The Heights in Midlothian: A Beacon of Hope for Victims of Domestic Violence

The Heights Midlothian exterior
Courtesy photo

MIDLOTHIAN – When Midlothian Police Chief Carl Smith and Asst. Police Chief Scott Brown first mentioned The Heights to me, but I could not completely wrap my head around it.

A family resource center for victims of family abuse, and it is just that.  But after I took a tour with Smith, Brown, and The Heights Executive Director Jennifer Salzman, I more easily understood just what a valuable resource the place is offering.

Salzman met us at The Heights in Midlothian off Ellis County’s Highway 287, and I was shown a first-hand look at the building blocks that will make up The Heights when construction is complete within the next few months.

Technically a justice center, Salzman explained, “The term justice center is not well received by victims. It seems that it is not as fair as they want it to sound, so many of these facilities are not called justice centers; for example, the location in Fort Worth is a justice center. It is just not called that.”

In the state of Texas, there are now six family justice centers and two in development, all to help the victims of family violence.

Overall, there are justice centers around the world, like the one being built in Midlothian, and most are located in the United States. The first one began in California, and then George W. Bush made this type of facility one of his initiatives, and that is how Texas got its first family justice center in San Antonio.

And now The Heights.

The Heights can be considered a multi-agency center. For example, there will even be a mock courtroom on the campus to help victims understand what will happen when they are in court. Midlothian Police will have an office there to work with victims; there will also be showers, doctors, counseling to help victims of abuse get back on their feet, and even daycare for the children of families dealing with abuse.

Uniting Agencies To Serve Victims of Family Abuse

Before the Heights existed, I was told victims often had to go to as many as 30 different places to get the help they needed. The Heights campus was built to orchestrate a way to unite all the agencies together to serve the victims of family abuse in one place.

One standout I noticed is the boutique on site for women who utilize the facility, helping them find appropriate clothes needed for court or job interviews, for example.

“This is a boutique where they can earn dollars to come spend,” Salzman said. “We want them not just to feel like it is open so they can get what they want; they earn the dollars by attending classes, following the process, coming to support groups and sessions, and more since we are still fleshing out all the details. We want them coming back and digging into doing the work.”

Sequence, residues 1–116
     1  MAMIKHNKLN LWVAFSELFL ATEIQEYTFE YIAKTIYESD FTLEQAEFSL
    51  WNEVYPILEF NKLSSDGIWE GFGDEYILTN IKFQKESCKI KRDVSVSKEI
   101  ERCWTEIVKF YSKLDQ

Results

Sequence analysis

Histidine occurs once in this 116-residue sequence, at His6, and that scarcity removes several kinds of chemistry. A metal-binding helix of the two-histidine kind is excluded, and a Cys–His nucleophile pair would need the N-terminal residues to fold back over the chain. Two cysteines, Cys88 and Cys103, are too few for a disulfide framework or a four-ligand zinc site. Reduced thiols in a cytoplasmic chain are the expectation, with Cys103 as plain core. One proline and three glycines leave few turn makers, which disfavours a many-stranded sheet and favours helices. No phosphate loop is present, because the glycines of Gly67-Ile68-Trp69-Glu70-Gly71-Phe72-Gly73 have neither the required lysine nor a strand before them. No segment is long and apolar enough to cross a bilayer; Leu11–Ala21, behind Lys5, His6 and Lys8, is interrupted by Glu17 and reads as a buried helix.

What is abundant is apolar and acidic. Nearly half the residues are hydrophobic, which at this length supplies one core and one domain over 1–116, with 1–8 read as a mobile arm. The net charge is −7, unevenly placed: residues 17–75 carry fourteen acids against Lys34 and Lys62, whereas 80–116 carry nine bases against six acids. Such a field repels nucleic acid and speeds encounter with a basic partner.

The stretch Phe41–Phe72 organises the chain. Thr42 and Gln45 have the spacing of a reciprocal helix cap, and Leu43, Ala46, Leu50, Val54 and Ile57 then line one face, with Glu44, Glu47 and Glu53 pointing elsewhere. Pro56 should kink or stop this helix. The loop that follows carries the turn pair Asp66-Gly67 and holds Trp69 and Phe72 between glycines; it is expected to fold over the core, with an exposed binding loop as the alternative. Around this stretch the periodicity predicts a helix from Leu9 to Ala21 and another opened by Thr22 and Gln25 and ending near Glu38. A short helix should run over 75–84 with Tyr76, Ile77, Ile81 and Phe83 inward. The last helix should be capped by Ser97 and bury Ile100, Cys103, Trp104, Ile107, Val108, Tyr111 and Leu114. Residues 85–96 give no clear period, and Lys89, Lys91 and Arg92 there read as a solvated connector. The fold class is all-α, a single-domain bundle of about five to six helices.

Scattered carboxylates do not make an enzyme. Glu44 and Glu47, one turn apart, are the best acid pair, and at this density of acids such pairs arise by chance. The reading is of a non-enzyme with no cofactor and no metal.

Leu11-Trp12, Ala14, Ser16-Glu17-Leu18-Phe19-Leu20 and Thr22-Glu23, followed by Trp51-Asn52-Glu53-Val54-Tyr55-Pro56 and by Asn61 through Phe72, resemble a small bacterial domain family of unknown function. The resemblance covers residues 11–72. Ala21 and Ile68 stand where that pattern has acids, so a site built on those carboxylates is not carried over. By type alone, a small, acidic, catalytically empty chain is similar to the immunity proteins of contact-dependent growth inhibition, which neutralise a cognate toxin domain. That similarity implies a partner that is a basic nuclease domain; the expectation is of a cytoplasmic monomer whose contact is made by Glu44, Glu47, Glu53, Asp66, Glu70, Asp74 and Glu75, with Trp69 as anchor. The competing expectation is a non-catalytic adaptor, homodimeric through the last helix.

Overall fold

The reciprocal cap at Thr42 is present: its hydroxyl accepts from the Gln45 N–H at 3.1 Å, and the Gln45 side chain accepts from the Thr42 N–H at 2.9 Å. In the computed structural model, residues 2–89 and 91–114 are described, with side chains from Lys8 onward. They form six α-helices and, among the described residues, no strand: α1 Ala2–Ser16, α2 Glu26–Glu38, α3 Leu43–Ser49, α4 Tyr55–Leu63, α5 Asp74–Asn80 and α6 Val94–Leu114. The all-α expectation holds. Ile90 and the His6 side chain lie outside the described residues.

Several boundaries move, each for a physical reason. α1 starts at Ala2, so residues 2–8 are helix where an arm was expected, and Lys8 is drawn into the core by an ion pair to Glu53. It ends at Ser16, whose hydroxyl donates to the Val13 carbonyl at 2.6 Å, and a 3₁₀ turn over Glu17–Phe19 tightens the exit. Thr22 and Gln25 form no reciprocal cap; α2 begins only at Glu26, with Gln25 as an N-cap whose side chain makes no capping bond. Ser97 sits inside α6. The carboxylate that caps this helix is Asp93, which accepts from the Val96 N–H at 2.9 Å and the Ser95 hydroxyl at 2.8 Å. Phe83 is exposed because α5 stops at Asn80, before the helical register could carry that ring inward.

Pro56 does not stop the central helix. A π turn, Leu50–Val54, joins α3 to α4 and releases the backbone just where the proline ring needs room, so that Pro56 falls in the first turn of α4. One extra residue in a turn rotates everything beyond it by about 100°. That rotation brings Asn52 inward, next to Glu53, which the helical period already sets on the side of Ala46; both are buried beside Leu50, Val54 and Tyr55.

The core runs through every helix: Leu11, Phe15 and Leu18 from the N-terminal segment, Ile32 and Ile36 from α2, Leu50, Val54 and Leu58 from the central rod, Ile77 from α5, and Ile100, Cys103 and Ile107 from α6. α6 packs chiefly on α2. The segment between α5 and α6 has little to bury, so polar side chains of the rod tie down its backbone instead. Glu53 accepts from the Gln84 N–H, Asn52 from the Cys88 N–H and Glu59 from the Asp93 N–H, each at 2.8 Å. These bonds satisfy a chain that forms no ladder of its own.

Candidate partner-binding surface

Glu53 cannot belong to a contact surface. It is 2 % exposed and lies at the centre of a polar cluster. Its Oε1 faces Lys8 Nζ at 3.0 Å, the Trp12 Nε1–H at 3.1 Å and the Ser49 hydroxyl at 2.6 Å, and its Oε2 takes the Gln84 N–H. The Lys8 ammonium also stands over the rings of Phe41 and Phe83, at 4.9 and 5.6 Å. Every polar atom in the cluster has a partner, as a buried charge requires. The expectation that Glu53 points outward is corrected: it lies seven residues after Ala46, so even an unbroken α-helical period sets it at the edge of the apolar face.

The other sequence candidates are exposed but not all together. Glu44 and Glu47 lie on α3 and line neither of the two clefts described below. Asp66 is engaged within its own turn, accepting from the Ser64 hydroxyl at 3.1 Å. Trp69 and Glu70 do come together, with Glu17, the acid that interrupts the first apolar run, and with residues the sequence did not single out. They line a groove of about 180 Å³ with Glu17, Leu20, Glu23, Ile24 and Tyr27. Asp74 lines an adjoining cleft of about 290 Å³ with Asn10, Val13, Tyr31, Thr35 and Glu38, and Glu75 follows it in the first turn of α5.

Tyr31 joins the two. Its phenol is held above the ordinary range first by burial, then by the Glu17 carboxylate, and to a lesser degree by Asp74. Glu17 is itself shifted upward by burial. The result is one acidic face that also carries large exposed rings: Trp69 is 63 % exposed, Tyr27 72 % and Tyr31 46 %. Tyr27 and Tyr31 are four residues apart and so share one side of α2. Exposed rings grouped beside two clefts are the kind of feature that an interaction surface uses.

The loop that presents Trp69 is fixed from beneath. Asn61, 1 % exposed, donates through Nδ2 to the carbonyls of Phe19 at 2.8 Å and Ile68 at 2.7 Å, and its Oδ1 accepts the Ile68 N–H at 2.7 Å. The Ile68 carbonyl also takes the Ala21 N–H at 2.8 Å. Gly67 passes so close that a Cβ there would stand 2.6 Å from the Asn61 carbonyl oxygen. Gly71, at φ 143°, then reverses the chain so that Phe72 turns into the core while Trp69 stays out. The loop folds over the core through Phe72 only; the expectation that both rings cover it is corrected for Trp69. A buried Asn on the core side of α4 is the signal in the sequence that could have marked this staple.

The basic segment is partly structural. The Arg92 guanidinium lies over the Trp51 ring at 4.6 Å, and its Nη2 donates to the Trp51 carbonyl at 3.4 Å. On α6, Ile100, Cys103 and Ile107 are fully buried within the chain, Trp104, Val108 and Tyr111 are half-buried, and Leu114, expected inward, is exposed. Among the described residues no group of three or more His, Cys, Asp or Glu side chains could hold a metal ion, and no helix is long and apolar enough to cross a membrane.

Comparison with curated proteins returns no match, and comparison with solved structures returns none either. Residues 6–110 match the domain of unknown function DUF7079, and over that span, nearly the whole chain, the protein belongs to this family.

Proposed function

Midlothian Police Chief Carl Smith, who is a big supporter of The Heights, said, “Unfortunately, domestic violence touches nearly every family in our community. We have within our circle of influence or know of someone who is or has been a victim of domestic violence. The Heights is a grassroots effort to provide services to the victims of this cycle of violence. Their commitment to providing services to Ellis County victims of Domestic Violence as well as breaking the cycle of violence comes at a time in our County’s growth that will make a measurable difference.”

Overall, The Heights Board’s effort is to offer the necessary resources a victim of domestic violence will need to escape the cycle of violence.

“After 36 years of law enforcement, I can tell you that this effort is beyond extraordinary,” Smith said. “I met Executive Director Jennifer Salzman in 2018 when she was exploring the idea of providing services to victims of family violence. Little did I know that she would not only share a vision but bring the energy, enthusiasm, and commitment to bring it to life.”

Smith, who has been a part of the Board of The Heights, concluded, “There is a personal commitment from each board member as well as the overwhelming support from Ellis County Commissioners Court, our Ellis Count Judge, and Municipal Governments throughout Ellis County. Our Ellis County Sheriff and local Municipal Police Chiefs have also pledged our support and intent to work with the Heights to provide our Communities with the absolute best resource to protect and support victims of domestic violence. The opportunity to be a part of and support the Heights is a true privilege and highlight of my career.”